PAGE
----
Candela unveils first flying electric ferry
Swedish electric boat manufacturer Candela has revealed pictures of its new P-12 Shuttle, which will hit Stockholm’s waters for a nine-month trial next year.
Said to be the world’s fastest electric ship, the Candela P-12 Shuttle is a hydrofoiling electric ferry that glides over the water at speeds of 30 knots. During the trial, it will be shuttling citizens between the Stockholm suburb of Ekerö and the city centre and is set to reduce emissions and help slash commuting times compared to cars, buses and trains currently servicing the route.
Currently a 55-minute trip by bus, subway, or conventional ferry (or car during rush hour), the Candela P-12 Shuttle will reportedly cover the 15 km route in only 25 minutes – saving the commuter an average 50 minutes per day.
The 30-passenger electric vessel has three carbon fibre wings that extend from under the hull. These active hydrofoils allow the ship to lift itself above the water, thus decreasing drag.
Candela says its technology reduces energy per passenger kilometre by 95 per cent compared to current vessels, allowing for a range of 50 nautical miles at service speed. Using the equivalent of 0.1 kWh of electricity per passenger kilometre, the company says its new ship is more energy-efficient than a hybrid electric bus. Also, with up to 200 kW DC charging, it can charge its battery in under one hour.
Crucially, as the hydrofoiling Candela P-12 Shuttle creates near-zero wake, it has been granted an exemption from the city’s 12-knot speed limit, allowing it to fly into the city centre without causing wave damage to other vessels or sensitive shorelines.
The P-12 will also feature a computer system that helps regulate the foils 100 times per second, to provide stability and minimise sea sickness.
“There’s no other ship that has this kind of active electronic stabilisation,” says Erik Eklund, vice president for commercial vessels at Candela. “Flying aboard the P-12 Shuttle in rough seas will feel more like being on a modern express train than on a boat: it’s quiet, smooth and stable.”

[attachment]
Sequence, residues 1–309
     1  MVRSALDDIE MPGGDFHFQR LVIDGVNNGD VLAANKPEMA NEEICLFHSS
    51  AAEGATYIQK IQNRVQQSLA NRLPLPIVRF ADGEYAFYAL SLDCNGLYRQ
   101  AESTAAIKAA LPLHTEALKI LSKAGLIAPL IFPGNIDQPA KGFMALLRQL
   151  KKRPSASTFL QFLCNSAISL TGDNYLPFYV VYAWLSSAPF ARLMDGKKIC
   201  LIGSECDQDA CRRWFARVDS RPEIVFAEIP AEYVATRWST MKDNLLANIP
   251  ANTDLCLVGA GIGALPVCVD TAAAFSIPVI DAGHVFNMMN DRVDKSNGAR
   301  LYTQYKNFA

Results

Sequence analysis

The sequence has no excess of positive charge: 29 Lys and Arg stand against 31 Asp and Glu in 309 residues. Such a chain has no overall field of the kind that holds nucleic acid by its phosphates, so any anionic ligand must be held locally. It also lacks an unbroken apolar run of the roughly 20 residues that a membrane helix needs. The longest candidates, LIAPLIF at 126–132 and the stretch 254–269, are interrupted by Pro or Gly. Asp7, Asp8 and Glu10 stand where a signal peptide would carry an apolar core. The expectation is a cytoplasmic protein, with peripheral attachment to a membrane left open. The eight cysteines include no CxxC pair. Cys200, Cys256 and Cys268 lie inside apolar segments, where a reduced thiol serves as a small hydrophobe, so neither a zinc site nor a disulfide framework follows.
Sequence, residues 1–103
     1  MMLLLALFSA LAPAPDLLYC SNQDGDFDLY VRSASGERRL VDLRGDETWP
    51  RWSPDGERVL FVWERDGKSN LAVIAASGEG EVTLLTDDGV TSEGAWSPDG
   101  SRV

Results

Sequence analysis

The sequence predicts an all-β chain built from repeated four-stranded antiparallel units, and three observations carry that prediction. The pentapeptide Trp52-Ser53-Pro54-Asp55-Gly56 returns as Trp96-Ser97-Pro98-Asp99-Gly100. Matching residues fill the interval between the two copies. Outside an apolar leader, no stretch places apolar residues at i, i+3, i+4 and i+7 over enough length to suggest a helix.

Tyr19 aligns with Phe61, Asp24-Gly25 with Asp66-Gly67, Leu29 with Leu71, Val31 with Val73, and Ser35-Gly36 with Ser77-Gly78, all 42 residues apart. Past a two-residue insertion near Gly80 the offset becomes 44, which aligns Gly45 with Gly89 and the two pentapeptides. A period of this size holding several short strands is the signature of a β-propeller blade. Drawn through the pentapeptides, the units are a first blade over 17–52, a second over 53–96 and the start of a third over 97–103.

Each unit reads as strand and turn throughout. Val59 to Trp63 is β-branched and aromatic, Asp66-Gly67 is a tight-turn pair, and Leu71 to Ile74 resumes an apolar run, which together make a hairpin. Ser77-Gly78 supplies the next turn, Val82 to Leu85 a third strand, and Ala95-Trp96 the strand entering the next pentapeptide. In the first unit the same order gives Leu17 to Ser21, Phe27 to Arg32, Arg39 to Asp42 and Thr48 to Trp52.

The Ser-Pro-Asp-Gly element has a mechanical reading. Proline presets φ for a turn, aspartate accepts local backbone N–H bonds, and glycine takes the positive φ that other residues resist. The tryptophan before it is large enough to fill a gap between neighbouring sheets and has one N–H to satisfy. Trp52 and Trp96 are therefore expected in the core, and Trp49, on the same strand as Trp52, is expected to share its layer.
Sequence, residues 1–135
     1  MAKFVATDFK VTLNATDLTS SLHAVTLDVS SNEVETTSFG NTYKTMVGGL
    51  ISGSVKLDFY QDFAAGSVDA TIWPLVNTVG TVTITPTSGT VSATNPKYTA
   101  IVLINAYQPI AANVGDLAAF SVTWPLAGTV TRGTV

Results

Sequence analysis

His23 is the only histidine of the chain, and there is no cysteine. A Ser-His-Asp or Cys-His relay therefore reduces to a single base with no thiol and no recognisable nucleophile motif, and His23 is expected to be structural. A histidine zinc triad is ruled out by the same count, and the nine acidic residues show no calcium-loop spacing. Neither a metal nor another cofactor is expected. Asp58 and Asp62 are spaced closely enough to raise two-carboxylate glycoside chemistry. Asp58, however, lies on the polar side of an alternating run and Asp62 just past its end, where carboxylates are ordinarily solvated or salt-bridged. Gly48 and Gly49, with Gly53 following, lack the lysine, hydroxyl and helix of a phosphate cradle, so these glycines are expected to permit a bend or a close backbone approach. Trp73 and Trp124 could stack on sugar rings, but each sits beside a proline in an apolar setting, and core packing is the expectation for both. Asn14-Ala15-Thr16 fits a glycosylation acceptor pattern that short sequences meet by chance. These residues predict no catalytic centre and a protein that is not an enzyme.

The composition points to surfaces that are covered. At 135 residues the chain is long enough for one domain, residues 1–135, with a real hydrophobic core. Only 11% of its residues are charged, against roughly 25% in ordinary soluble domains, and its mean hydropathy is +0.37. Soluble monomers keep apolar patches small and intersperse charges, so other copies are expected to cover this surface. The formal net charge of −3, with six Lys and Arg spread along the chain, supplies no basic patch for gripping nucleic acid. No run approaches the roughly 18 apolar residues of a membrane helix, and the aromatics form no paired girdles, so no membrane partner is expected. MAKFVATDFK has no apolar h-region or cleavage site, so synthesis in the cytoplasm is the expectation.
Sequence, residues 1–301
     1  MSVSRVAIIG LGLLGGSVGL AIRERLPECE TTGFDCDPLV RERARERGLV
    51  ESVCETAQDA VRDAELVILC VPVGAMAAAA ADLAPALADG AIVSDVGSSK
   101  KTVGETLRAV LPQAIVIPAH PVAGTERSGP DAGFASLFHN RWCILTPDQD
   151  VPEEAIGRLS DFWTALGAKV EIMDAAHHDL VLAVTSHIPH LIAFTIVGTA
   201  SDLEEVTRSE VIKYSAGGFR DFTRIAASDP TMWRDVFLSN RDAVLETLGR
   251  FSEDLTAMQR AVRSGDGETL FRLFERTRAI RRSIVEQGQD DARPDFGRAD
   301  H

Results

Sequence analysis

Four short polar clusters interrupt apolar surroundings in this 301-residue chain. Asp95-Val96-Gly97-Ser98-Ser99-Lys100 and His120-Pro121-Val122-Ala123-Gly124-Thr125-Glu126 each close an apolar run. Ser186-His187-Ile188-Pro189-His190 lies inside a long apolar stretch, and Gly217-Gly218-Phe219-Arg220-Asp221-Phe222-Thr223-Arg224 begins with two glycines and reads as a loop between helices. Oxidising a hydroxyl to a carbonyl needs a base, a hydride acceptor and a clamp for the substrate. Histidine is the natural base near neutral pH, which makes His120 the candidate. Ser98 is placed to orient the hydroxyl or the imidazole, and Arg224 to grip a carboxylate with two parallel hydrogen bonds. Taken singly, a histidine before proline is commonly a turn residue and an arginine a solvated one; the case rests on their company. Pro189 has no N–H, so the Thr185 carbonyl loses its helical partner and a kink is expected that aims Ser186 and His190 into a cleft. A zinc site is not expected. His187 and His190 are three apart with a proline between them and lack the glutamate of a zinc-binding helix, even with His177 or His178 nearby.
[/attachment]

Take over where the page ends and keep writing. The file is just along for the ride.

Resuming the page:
The Region of Stockholm will operate the first P-12 Shuttle ship for a nine-month trial period in 2023. If it meets expectations, Candela hopes the city’s fleet of over 70 diesel vessels eventually will be replaced by P-12 Shuttles, as more transport shifts off congested highways and onto waterways.
“Maritime traffic is the region’s most popular public transport, and I want to expand it,” says Gustav Hemming, vice president of the Regional Executive Board in Stockholm. “But we need better technology to travel faster and reduce climate impact. Therefore, we are happy to try this new technology for waterborne traffic. This project can contribute to solutions that we can use in Stockholm, but also provides opportunities for both exports and jobs in the Stockholm region.”
On the Stockholm-Ekerö route, Candela’s proposal is to replace the current pair of 200-person diesel vessels with at least five P-12 Shuttles, which would double passenger volume potential and lower operating cost.
Instead of two departures per day, there would be a P-12 Shuttle departing every 11 minutes. This allows commuters to ignore timetables and just go to the dock and wait for the next boat, says Eklund.
Candela will be laying the carbon fibre keel for the first Candela P-12 Shuttle at the company’s factory in Rotebro, outside Stockholm, towards the end of 2022.
In May, MIN reported that Candela had unveiled its new foiling Candela P-8 Voyager passenger boat, which has been developed to replace fleets of smaller and fast combustion engine passenger craft such as yacht tenders, taxis and rigid inflatable boats.